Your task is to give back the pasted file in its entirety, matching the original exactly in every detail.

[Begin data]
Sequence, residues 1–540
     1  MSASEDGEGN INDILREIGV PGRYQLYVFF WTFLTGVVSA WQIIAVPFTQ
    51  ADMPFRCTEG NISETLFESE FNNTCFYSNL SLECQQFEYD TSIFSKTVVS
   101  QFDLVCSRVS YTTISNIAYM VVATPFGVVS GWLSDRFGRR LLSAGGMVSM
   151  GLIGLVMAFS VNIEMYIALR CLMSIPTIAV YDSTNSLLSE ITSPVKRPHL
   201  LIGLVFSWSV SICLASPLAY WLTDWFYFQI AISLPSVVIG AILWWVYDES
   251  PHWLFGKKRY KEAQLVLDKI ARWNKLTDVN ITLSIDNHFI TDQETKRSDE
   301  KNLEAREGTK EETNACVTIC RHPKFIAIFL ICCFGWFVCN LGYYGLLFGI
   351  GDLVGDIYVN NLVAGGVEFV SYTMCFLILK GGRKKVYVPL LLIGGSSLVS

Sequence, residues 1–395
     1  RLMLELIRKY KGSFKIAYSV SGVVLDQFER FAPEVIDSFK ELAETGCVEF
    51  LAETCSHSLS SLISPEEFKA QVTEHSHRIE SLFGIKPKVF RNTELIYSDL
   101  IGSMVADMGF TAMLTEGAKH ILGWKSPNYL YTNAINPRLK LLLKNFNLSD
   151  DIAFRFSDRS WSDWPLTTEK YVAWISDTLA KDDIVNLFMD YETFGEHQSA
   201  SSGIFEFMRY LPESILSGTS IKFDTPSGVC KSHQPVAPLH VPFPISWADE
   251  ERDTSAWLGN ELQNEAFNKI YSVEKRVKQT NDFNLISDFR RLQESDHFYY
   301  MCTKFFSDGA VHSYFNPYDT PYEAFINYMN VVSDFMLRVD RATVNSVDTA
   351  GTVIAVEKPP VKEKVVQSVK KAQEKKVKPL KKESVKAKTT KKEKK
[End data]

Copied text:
Sequence, residues 1–540
     1  MSASEDGEGN INDILREIGV PGRYQLYVFF WTFLTGVVSA WQIIAVPFTQ
    51  ADMPFRCTEG NISETLFESE FNNTCFYSNL SLECQQFEYD TSIFSKTVVS
   101  QFDLVCSRVS YTTISNIAYM VVATPFGVVS GWLSDRFGRR LLSAGGMVSM
   151  GLIGLVMAFS VNIEMYIALR CLMSIPTIAV YDSTNSLLSE ITSPVKRPHL
   201  LIGLVFSWSV SICLASPLAY WLTDWFYFQI AISLPSVVIG AILWWVYDES
   251  PHWLFGKKRY KEAQLVLDKI ARWNKLTDVN ITLSIDNHFI TDQETKRSDE
   301  KNLEAREGTK EETNACVTIC RHPKFIAIFL ICCFGWFVCN LGYYGLLFGI
   351  GDLVGDIYVN NLVAGGVEFV SYTMCFLILK GGRKKVYVPL LLIGGSSLVS

Sequence, residues 1–395
     1  RLMLELIRKY KGSFKIAYSV SGVVLDQFER FAPEVIDSFK ELAETGCVEF
    51  LAETCSHSLS SLISPEEFKA QVTEHSHRIE SLFGIKPKVF RNTELIYSDL
   101  IGSMVADMGF TAMLTEGAKH ILGWKSPNYL YTNAINPRLK LLLKNFNLSD
   151  DIAFRFSDRS WSDWPLTTEK YVAWISDTLA KDDIVNLFMD YETFGEHQSA
   201  SSGIFEFMRY LPESILSGTS IKFDTPSGVC KSHQPVAPLH VPFPISWADE
   251  ERDTSAWLGN ELQNEAFNKI YSVEKRVKQT NDFNLISDFR RLQESDHFYY
   301  MCTKFFSDGA VHSYFNPYDT PYEAFINYMN VVSDFMLRVD RATVNSVDTA
   351  GTVIAVEKPP VKEKVVQSVK KAQEKKVKPL KKESVKAKTT KKEKK